Searching for patterns with Interactive Data Mining

A unique characteristic of the Hunch Engine® is that the user does not need to have any knowledge of the techniques and operations that are used within the specific application. By selecting “interesting” candidates through the HE interface, the user is implicitly determining which of potentially many search filters and what parameter settings to use.

In one example we developed a tool to help a user identify clusters in a large data set. For instance, one may wish to identify customer segments based on extensive consumer data. Currently, this process requires the user to be familiar with data mining techniques such as dimension reduction and clustering.

The figure below shows how HE can be used to discover segments even with no knowledge of data mining. Starting with a high-dimensional data set, the user is presented with several candidates, each corresponding to a particular 2-D representation of the data (left panel).

As the user selects candidates that seem to contain some information, the Interactive Data Mining tool begins to reveal some structure in the data (center panel). Eventually (right panel), the user reaches solutions that show clear existence of five distinct clusters in the data.

This simple demo could easily be extended to use a large variety of data mining algorithms, without requiring the user to have any understanding of the underlying techniques. In addition, even expert users benefit from this tool, because it allows them to search a vast space of algorithms, rather than being forced to choose a class of algorithms at the outset — a practice that often limits the nature and extent of the search.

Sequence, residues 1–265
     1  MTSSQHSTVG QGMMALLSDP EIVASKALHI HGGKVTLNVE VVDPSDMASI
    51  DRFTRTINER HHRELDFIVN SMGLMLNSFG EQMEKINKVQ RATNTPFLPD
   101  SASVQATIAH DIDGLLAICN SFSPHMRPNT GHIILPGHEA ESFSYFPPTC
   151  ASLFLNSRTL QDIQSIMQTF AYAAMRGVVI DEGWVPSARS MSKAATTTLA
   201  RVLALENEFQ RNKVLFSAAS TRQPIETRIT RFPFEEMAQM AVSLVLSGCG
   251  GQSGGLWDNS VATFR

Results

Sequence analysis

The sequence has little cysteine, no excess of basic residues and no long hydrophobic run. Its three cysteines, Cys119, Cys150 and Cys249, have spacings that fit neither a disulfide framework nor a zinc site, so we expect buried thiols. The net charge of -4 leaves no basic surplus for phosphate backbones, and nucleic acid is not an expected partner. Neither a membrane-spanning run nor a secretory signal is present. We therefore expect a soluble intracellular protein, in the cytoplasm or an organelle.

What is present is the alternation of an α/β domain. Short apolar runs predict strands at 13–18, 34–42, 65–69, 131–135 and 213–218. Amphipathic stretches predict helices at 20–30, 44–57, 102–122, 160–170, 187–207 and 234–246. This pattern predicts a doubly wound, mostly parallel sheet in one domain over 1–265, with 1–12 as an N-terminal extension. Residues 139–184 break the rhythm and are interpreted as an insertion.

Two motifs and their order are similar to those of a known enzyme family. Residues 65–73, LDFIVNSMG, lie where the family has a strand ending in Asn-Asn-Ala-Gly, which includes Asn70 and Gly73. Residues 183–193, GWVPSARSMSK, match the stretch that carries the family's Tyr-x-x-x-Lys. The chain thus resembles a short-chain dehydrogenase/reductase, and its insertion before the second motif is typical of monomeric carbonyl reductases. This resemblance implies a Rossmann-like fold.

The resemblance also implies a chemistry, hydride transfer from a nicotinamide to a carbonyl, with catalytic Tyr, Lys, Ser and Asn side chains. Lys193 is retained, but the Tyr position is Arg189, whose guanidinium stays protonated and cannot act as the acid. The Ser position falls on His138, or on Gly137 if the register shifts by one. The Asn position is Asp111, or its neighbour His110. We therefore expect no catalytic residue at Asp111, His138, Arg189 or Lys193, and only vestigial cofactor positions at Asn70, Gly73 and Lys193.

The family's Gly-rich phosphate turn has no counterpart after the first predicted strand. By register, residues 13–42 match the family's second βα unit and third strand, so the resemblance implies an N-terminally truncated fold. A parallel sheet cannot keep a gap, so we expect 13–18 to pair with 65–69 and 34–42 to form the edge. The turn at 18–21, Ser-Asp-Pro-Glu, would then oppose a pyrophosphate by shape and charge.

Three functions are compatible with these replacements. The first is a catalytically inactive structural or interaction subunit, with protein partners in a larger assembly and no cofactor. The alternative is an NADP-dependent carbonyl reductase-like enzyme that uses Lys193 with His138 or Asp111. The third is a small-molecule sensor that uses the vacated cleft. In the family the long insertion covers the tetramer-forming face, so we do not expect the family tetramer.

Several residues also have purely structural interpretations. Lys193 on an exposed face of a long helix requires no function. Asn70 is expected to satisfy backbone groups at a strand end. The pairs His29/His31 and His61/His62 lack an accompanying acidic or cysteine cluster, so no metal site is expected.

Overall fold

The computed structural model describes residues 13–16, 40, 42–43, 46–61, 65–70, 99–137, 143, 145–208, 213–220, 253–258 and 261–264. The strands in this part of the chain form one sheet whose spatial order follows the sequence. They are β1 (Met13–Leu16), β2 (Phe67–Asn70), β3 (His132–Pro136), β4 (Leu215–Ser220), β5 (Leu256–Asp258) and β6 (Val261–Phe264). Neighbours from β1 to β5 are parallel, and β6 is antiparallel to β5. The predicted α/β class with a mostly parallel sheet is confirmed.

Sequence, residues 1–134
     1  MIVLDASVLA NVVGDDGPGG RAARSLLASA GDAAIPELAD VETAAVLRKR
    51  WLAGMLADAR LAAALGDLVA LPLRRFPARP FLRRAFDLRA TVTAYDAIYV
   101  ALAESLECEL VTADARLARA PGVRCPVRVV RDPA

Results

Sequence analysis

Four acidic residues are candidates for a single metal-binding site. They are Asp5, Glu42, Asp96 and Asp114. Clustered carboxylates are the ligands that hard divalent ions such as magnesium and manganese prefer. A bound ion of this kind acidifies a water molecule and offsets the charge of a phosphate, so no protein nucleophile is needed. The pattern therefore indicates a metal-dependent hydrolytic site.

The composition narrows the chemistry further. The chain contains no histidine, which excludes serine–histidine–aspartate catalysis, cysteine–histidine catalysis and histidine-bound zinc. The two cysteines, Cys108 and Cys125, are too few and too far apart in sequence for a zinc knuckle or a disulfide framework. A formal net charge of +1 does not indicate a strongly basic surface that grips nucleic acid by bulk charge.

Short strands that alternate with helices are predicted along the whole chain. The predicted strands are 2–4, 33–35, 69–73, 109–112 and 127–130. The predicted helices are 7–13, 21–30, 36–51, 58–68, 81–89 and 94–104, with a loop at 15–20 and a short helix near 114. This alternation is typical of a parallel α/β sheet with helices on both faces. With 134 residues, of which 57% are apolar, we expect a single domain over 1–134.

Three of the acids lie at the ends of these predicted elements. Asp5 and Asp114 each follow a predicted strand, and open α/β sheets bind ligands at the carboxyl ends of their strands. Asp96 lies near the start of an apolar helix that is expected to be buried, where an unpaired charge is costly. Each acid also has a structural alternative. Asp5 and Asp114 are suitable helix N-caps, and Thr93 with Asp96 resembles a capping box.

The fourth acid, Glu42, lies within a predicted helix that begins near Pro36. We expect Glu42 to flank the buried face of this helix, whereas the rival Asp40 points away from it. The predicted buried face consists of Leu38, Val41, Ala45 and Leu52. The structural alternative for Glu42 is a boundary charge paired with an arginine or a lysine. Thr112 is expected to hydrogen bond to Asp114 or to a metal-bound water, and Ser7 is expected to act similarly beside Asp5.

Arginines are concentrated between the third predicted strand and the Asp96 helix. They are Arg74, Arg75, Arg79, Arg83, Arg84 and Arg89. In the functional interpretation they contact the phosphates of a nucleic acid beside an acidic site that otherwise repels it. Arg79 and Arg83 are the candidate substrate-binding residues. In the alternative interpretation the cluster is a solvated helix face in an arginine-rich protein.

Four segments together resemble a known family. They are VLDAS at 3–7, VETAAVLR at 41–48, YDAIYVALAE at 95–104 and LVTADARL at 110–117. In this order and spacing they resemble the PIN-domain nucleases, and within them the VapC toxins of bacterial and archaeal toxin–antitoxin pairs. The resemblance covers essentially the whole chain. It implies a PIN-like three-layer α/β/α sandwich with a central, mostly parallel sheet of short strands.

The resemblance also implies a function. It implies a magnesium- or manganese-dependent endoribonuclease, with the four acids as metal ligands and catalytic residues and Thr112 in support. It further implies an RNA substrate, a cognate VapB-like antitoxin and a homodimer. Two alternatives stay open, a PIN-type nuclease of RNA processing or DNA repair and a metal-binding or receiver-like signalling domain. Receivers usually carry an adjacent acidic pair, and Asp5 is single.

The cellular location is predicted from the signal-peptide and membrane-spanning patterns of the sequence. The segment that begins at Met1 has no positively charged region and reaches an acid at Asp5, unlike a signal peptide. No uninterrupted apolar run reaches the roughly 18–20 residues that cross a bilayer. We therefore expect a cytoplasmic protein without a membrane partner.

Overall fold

Extracting document content through Text Visualization

In collaboration with a leading advertising company, we are developing a Hunch Engine®-based tool to analyze the meaning of surveys, blogs, or newsgroups, without any prior knowledge of the content of the text.

To do so, not knowing ahead of time what will be discovered in the data, the user starts with a range of perspectives on the data, such as, for example, various networks of concepts that appear connected in the data; each network differs by the word it centers on and by the nature of network connections (see figure below).
Hunch Engine TextHunch Engine Text
The user examines each of 6 representations presented and selects the ones that seem to provide useful information by clicking on them. The user can also use drag-and-drop features and other modes of interaction to more directly combine and alter representations. Once a meaningful representation has been found, the user can dig into it.

In the example shown above, the user is exploring a large corpus of newsgroup postings all related to healthcare issues. One area of particular interest to the user in this case is the relationships and alliances in the pharmaceutical industry and how they are being discussed by the newsgroup participants (right figure).

It is important to note that the same process can operate with most languages, provided the sentences can be parsed into words or other “atomic” units.